Don't make "useless" moves. When you are in a situation in a duel that is in your favor, try to keep it that way. Don't summon any monsters when you are already beating up your opponent with the ones you have. You might end up losing them all from a Torrential Tribute. The way you should be playing your opponent, should be the minimum available. Store as many cards in your hand as you can for future use. Don't play them all right away. The lucky top-decks that might save you in another situation, might save your opponent, when you're winning.

Try to keep as many options in your hand. This can range from monsters to be summoned, to spells to be played, even to entire combos. If not the right time, save them for later.


Errors can happen here too. Many players try to finish off their opponents with everything they have, and end up with no defenses, prone to a Dark Hole, or a late-played BLS. Unless you can ensure your opponent’s demise in your turn, don’t ever rush. It’s better to take two turns to take him out, and still maintain some sort of defense, than going all out and get stopped by a Fader, Honest, Tragoedia, Gorz. Giving your opponent room to breathe can mean him turning the tables on you, when he is only left with 50LP. Isn’t that a shame?

General Tips

Never make your opponent’s life easy. You can bluff your moves. You can consider the outcome of your moves. All these things are necessary.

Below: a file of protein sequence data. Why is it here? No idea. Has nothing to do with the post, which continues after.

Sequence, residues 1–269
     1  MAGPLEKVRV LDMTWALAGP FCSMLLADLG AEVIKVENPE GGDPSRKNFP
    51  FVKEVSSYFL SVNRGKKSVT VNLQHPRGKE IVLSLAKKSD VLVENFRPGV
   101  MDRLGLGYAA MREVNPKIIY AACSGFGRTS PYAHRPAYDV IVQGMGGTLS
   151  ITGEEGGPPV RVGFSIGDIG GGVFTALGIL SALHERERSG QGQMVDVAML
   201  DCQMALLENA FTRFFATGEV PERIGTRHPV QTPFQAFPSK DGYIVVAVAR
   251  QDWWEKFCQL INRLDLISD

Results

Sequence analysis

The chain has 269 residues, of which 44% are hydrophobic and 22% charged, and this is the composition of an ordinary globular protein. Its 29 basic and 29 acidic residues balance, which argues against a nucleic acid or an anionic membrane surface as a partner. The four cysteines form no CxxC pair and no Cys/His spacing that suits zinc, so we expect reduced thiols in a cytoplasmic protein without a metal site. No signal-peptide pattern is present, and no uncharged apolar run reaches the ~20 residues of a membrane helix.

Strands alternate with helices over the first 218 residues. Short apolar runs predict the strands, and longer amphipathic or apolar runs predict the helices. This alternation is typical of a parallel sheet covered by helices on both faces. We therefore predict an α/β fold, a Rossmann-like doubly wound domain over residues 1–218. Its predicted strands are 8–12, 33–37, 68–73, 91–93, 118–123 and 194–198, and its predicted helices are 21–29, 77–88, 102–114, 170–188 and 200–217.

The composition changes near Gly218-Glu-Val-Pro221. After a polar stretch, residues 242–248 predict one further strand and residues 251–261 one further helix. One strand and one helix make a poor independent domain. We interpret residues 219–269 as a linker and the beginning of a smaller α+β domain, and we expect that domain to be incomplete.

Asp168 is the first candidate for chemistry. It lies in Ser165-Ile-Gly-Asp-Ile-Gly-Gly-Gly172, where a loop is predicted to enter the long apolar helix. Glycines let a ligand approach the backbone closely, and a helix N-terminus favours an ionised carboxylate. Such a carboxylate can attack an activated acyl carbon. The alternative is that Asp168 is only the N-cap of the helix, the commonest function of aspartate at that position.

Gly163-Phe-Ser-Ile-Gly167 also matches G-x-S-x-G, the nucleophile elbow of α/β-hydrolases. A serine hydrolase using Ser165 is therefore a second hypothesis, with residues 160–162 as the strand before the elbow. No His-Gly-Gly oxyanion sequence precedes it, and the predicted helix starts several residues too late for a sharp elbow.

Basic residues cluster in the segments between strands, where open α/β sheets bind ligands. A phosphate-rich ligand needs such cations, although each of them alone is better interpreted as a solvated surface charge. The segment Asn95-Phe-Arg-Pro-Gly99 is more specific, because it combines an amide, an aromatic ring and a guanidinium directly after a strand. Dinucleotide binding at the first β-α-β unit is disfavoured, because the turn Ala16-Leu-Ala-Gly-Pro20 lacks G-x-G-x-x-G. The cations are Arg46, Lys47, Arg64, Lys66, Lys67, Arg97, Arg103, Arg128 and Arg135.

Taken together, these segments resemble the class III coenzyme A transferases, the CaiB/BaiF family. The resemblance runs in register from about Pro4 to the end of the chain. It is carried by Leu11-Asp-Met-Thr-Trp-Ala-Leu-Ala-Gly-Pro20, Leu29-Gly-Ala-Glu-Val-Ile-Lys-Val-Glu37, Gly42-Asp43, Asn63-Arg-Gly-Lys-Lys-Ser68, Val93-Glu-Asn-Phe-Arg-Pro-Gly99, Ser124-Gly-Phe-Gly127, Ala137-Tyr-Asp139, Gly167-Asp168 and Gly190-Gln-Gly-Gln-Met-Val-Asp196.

Example: You know your opponent is playing a monarch deck. You decide to use your Scrap Dragon’s effect and pop a card, and then attack. Your opponent brings down a Fader. No way of getting rid of it now. Next turn, Caius…

When you can’t “predict” your opponent’s responses on your moves, always assume the worst. Yeah, risking pays off sometimes, but not always. It’s like the End-Game situation. The fact that it MIGHT work doesn’t necessarily means it will. And unless some other way out on your part, never make moves when you are not prepared for your opponent’s responses to that moves.

Rulings are your friend. By knowing the game mechanics, you can get yourself out of difficult spots, just by “abusing” rulings. This cannot be taught by us, you have to learn them yourself but they are important. Some examples are:

MST your own Dark Hole/Heavy Storm when Starlight Road is used against you. This way Starlight won’t destroy your card, it will only negate it, and no Stardust comes up.

Respond to your own cards resolutions. Don’t tell me a Torrential Tribute destroying your only DARK monster your opponent has, on his turn, isn’t sweet if followed by a Dark Smog banishing that DARK monster before he gets a chance to use it…!

Keep a straight face. Frowning after a bad draw is like telling your opponent “My hand is SO bad that even if your grandma was dueling me right now, she would win”. Only use it for bluffs. Nothing besides that. This is another way of keeping your hand unknown to your opponent.

A guide to proper dueling      C-c-cc10